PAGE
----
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Review: Music at Marley Hill, Tanfield Railway, near Sunniside

Shivering in the chill night air, music fans sat beneath fairylights to enjoy some top notch North East bands

Mirrorpix The Lake Poets
The Lake Poets

I’m at a gig. It’s at a heritage steam railway, and I have just eaten a delightful chocolate cupcake from their cafe and been sold an official museum magazine by an enthusiastic volunteer (£1, special price, today only).

As I sit down with a nice cup of tea, made for me lovingly by a cafe lady in 1920s attire, I consider whether maybe more gigs should be like this. Am I getting old? I’m very confused, but in a good way.

Yuma take the stage first, and at once it becomes clear how beautiful the acoustics are in this place.

Their relatively minimalist set-up – resonant 12-string guitar, vocals and a couple of hand-held percussion instruments – fills the shed, and win the duo more than a few converts to their bluesy approach to songwriting.

Next up is Cohesion. And my fears about the set-up of the gig – sitting down at tables with nice table cloths and tea lights – are dispelled.

There are some very minor issues to do with adjusting to the level of sound, but frontman Matthew Watchman’s voice is strong enough to cut through and give the five piece’s indie-rock a strong showing.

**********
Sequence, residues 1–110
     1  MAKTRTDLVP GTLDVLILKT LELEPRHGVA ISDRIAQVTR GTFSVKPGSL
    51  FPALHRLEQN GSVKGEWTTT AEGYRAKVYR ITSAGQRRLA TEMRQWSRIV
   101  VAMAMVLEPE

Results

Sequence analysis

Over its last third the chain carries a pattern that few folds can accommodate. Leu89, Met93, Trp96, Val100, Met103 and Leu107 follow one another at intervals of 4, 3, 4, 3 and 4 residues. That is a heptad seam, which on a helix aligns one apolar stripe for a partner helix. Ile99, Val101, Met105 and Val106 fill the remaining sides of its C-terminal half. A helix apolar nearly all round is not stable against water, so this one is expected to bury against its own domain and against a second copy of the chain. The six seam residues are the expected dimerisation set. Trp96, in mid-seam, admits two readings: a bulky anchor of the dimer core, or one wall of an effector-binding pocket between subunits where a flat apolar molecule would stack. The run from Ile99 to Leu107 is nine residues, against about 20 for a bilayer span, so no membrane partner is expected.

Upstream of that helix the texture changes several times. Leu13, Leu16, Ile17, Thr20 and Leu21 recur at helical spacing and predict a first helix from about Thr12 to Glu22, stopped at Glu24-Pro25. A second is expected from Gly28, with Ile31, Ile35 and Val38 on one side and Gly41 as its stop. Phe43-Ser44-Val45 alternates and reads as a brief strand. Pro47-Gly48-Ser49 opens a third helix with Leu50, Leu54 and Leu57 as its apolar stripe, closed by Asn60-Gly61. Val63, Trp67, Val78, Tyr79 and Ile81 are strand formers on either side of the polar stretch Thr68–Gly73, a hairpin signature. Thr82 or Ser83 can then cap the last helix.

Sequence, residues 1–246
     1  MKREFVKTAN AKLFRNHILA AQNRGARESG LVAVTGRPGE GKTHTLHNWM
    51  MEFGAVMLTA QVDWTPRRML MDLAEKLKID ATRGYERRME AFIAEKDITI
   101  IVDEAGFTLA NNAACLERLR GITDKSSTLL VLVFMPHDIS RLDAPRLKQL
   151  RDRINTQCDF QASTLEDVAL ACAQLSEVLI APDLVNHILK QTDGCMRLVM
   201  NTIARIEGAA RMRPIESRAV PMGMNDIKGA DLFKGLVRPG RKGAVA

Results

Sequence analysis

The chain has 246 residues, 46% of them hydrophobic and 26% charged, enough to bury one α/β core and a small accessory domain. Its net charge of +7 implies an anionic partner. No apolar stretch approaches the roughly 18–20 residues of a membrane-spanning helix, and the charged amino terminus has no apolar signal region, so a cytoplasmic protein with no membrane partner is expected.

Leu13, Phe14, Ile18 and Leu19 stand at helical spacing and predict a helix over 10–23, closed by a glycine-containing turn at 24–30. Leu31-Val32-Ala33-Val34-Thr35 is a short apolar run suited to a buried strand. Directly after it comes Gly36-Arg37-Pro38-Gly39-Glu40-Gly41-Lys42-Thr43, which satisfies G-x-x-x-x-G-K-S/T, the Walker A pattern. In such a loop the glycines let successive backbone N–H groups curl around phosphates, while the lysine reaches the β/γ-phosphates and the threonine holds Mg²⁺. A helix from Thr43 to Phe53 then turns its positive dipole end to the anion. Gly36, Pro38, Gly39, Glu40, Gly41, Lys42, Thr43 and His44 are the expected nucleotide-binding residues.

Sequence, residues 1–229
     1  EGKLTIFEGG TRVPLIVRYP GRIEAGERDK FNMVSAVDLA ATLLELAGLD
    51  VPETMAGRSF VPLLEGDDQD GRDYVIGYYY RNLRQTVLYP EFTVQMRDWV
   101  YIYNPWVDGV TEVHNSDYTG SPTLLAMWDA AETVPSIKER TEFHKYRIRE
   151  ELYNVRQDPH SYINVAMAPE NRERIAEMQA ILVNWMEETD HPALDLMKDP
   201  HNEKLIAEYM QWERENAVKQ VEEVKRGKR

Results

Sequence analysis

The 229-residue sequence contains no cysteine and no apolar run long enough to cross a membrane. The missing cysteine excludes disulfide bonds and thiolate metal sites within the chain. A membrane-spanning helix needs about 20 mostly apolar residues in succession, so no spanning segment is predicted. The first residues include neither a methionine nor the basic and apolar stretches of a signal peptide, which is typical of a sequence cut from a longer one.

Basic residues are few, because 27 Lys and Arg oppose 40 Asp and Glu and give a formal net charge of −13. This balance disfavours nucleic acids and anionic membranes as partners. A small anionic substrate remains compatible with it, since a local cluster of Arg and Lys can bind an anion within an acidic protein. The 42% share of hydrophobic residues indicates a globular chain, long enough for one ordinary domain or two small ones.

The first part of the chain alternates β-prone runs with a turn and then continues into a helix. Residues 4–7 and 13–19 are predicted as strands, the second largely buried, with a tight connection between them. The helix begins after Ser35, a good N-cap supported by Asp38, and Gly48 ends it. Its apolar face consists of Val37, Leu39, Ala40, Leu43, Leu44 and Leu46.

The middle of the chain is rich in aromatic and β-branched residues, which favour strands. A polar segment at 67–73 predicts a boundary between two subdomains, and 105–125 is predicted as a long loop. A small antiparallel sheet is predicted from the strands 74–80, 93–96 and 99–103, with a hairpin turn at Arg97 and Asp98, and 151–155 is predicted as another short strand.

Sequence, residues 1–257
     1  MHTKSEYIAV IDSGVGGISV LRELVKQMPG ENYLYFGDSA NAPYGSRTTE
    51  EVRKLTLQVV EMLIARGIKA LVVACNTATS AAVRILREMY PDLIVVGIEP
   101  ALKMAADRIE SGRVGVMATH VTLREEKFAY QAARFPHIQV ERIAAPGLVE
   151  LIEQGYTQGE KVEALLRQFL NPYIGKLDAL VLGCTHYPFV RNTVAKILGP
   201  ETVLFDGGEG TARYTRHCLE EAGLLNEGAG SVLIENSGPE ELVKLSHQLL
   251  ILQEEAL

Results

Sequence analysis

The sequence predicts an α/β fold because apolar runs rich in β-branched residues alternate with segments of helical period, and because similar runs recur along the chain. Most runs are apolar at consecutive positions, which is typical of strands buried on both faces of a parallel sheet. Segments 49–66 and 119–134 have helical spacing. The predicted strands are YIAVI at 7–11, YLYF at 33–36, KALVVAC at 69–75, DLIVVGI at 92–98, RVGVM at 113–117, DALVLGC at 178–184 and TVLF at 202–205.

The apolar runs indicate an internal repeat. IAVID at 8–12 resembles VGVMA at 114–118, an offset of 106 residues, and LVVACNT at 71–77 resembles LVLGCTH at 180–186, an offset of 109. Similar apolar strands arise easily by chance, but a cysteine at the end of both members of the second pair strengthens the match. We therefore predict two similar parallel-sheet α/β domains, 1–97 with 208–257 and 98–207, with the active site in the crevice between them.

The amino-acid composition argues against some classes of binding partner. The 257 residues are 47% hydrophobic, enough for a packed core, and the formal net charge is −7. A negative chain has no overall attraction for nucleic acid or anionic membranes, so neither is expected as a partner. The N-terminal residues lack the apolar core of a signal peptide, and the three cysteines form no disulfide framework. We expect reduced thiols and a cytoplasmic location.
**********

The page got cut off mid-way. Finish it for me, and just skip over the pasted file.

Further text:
As the sun goes down, and the shed becomes increasingly reliant on the streams of twinkling fairy lights to brighten up the place, Lilliput play an atmospheric set filled with pleasing, close-knit harmonies.

Indie rock band Cohesion
Indie rock band Cohesion

Broken by the occasional challenge of changing instruments on the charmingly cluttered stage, Fleet Foxes-esque vocals rise to the top of the rafters and leave the crowd shouting for more. They oblige with ‘oh, go on, then’ grins.

It’s dark outside when local favourites The Lake Poets take to the stage.

As they launch into a set, it strikes me that Tanfield Railway Museum must be the ideal location in which to listen to their tales of love, loss and the North East’s industrial heritage.

Heartbreak, industrial decay and occasional glimmers of hope intertwine in Martin Longstaff’s songs and spread themselves out over a rapt and silent audience.

My hands have frozen to ice, but I don’t care. I cup my hands around another cup of tea and enjoy it. More gigs should be like this. Age be damned.


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